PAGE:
H.R. Rep. No. 94-1491, at 4 (1976), reprinted in 1976 U.S.C.C.A.N. 6238, 6241-42.

         As here relevant, RCRA provides for private enforcement via citizen suit. It allows, first, for private actions against entities "alleged to be in violation of any permit, standard, regulation, condition, requirement, prohibition, or order which has become effective pursuant to [RCRA]." 42 U.S.C. § 6972(a)(1)(A). It also creates a private cause of action against a person "who has contributed or who is contributing to the past or present handling, storage, treatment, transportation, or disposal of any solid or hazardous waste which may present an imminent and substantial endangerment to health or the environment." 42 U.S.C. § 6972(a)(1)(B). We refer to the latter RCRA section in this opinion as the "endangerment provision."

         The endangerment provision does not require a private plaintiff to show that the defendant's actions violated any specific RCRA requirement or any RCRA-mandated order or permit. See Goldfarb v. Mayor & City Council of Baltimore, 791 F.3d 500, 505 (4th Cir. 2015); see also AM Int'l, Inc. v. Datacard Corp., DBS, 106 F.3d 1342, 1349 (7th Cir. 1997). Rather, the endangerment provision broadly permits relief "that ameliorates present or obviates the risk of future 'imminent' harms." Meghrig, 516 U.S. at 486.

         Notwithstanding RCRA's overarching goals and its expansive citizen suit provisions, RCRA does not supersede conflicting requirements established under other environmental statutes, including the CWA. Toward that end, RCRA section 1006 contains two provisions addressing the potential duplicative regulation that might otherwise result from RCRA's application alongside substantively overlapping environmental statutes.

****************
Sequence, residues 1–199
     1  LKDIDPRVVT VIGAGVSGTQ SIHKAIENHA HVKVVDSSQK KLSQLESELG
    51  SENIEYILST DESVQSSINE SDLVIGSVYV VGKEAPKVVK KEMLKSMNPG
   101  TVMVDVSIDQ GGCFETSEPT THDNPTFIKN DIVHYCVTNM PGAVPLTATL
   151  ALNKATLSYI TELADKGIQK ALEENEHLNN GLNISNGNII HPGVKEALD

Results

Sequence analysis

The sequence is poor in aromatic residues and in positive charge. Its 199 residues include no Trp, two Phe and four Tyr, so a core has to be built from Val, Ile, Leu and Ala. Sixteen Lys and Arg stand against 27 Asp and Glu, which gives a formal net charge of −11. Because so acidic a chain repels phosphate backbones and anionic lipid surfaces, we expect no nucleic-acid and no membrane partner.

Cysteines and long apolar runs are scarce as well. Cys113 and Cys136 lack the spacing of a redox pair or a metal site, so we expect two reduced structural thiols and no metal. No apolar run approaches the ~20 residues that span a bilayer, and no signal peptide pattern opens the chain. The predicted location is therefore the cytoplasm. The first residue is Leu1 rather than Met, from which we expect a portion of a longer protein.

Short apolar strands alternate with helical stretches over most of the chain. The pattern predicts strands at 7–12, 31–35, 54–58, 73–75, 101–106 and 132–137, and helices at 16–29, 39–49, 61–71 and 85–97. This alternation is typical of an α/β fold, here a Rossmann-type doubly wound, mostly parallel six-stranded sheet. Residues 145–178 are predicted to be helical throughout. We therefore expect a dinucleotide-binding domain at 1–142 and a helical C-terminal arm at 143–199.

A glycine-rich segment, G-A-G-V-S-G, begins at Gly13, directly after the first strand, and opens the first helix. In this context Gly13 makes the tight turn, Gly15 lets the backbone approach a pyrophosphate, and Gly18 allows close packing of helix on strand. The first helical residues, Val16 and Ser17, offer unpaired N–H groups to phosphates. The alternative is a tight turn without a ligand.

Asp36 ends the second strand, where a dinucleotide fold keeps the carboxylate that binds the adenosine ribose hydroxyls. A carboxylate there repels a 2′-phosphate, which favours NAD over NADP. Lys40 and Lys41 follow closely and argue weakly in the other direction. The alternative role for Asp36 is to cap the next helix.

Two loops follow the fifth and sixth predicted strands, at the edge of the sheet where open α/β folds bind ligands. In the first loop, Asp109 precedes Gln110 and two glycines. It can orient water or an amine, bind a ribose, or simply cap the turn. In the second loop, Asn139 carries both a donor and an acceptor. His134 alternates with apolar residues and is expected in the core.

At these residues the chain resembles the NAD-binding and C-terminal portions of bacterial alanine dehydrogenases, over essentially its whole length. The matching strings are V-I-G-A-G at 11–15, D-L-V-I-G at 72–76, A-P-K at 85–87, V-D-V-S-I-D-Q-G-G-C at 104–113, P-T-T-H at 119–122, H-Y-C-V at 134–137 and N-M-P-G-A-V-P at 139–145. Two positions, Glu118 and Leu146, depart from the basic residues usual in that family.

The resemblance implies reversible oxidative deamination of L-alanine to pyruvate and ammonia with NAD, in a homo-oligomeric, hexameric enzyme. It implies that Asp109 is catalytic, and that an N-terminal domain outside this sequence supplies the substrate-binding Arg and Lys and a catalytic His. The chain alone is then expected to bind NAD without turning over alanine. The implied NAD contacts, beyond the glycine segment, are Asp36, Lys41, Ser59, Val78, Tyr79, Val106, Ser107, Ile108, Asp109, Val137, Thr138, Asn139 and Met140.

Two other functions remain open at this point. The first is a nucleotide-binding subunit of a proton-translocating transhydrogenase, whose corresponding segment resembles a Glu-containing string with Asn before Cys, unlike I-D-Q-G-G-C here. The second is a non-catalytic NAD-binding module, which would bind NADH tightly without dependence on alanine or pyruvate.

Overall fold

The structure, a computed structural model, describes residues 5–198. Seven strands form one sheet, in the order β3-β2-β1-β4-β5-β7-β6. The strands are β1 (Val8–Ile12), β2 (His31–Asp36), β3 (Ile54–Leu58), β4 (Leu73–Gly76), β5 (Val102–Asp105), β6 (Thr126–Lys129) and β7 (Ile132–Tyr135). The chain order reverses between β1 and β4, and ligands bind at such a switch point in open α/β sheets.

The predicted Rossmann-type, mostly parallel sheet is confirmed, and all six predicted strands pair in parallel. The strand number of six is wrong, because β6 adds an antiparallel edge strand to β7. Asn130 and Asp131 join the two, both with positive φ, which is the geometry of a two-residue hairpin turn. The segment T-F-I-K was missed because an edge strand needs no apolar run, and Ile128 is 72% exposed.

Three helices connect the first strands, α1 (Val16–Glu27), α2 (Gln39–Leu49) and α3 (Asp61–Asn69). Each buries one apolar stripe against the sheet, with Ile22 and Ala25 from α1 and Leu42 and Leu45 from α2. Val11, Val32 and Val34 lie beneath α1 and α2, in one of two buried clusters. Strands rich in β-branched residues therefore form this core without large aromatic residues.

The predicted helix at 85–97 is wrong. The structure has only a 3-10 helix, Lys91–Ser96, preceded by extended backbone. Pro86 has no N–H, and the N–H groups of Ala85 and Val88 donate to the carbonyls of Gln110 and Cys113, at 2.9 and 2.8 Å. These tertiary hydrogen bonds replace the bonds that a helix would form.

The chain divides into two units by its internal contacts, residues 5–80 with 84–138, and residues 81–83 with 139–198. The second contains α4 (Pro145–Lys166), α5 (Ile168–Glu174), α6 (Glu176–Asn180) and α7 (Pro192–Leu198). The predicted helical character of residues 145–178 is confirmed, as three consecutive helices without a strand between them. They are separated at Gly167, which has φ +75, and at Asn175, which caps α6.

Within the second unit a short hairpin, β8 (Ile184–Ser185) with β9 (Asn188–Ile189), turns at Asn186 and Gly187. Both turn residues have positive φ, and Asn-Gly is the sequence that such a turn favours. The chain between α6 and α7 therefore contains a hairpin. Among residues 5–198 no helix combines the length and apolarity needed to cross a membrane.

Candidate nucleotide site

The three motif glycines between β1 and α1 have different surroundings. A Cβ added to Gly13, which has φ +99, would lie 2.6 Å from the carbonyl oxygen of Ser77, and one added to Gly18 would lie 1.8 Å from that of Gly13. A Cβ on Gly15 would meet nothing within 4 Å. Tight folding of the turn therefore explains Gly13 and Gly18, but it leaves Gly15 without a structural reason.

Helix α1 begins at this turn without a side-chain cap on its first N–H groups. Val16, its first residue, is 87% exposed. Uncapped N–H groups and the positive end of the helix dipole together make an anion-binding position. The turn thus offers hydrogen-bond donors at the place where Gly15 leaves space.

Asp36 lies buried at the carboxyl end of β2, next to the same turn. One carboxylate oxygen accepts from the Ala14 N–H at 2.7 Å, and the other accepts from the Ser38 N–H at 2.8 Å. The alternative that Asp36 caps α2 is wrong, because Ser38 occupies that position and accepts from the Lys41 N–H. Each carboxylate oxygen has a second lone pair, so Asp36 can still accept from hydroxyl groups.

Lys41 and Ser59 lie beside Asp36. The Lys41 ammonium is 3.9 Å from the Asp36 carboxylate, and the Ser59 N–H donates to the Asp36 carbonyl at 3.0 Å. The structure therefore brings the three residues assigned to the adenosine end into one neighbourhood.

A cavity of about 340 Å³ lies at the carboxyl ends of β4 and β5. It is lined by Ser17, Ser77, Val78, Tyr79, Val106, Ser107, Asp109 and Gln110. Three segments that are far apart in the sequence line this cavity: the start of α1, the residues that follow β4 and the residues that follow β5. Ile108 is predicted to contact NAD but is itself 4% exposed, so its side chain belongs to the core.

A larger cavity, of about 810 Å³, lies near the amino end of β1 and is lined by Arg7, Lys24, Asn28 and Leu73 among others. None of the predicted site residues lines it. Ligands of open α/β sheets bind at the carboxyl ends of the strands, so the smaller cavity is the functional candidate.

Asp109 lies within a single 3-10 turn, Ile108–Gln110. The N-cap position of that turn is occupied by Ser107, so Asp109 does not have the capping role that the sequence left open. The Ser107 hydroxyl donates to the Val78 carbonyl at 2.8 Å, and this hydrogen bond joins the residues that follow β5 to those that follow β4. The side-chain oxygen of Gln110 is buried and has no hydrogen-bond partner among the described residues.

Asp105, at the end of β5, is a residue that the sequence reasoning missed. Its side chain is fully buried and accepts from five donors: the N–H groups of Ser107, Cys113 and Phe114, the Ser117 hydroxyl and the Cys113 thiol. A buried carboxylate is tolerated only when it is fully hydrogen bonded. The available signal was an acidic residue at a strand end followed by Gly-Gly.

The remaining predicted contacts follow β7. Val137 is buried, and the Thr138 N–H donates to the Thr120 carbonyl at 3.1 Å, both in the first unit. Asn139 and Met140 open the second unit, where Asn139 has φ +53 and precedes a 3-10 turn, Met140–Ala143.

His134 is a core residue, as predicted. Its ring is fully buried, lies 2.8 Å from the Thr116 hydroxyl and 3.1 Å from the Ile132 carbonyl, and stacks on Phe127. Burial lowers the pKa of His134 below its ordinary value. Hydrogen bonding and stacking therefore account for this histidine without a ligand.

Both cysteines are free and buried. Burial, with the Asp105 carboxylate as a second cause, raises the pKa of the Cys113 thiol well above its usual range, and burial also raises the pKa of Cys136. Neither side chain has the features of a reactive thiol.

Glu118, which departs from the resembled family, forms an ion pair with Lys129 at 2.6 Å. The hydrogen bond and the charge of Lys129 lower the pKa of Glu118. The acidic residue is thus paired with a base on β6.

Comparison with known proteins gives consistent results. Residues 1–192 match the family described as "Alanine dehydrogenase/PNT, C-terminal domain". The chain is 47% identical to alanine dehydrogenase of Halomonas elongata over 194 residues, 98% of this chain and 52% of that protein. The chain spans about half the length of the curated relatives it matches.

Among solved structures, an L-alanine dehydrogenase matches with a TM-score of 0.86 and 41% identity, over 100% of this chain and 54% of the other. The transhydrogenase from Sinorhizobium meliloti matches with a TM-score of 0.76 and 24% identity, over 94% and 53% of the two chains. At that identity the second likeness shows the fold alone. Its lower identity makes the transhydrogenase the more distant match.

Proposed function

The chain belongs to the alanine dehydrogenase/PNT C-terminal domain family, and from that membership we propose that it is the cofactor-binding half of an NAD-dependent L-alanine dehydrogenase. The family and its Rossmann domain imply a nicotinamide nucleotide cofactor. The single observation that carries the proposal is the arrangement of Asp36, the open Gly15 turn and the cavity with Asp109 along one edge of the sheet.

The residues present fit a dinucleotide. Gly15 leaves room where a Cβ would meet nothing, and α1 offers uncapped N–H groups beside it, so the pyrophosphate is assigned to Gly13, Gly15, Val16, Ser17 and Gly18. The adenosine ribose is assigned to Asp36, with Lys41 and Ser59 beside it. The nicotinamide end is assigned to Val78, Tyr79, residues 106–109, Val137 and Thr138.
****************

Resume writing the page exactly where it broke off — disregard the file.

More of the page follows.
First, the statute's "integration"[2] provision, RCRA section 1006(b)(1), requires:

The [EPA] Administrator shall integrate all provisions of this chapter for purposes of administration and enforcement and shall avoid duplication, to the maximum extent practicable, with the appropriate provisions of the Clean Air Act, the Federal Water Pollution Control Act [i.e., CWA], the Federal Insecticide, Fungicide, and Rodenticide Act, the Safe Drinking Water Act, the Marine Protection, Research and Sanctuaries Act of 1972, and such other Acts of Congress as grant regulatory authority to the Administrator. Such integration shall be effected only to the extent that it can be done in a manner consistent with the goals and policies expressed in this chapter and in the other acts referred to in this subsection.

42 U.S.C. § 6905(b)(1) (emphasis added) (internal citations omitted).

         Second, the statute's "anti-duplication" provision, RCRA section 1006(a), states:

Nothing in this chapter shall be construed to apply to . . . any activity or substance which is subject to the Federal Water Pollution Control Act [i.e., CWA], the Safe Drinking Water Act, the Marine Protection, Research and Sanctuaries Act of 1972, or the Atomic Energy Act of 1954 except to the extent that such application (or regulation) is not inconsistent with the requirements of such Acts.

42 U.S.C. § 6905(a) (emphasis added) (internal citations omitted). The RCRA anti-duplication section is the statutory focus of this appeal.

         II. Factual and ...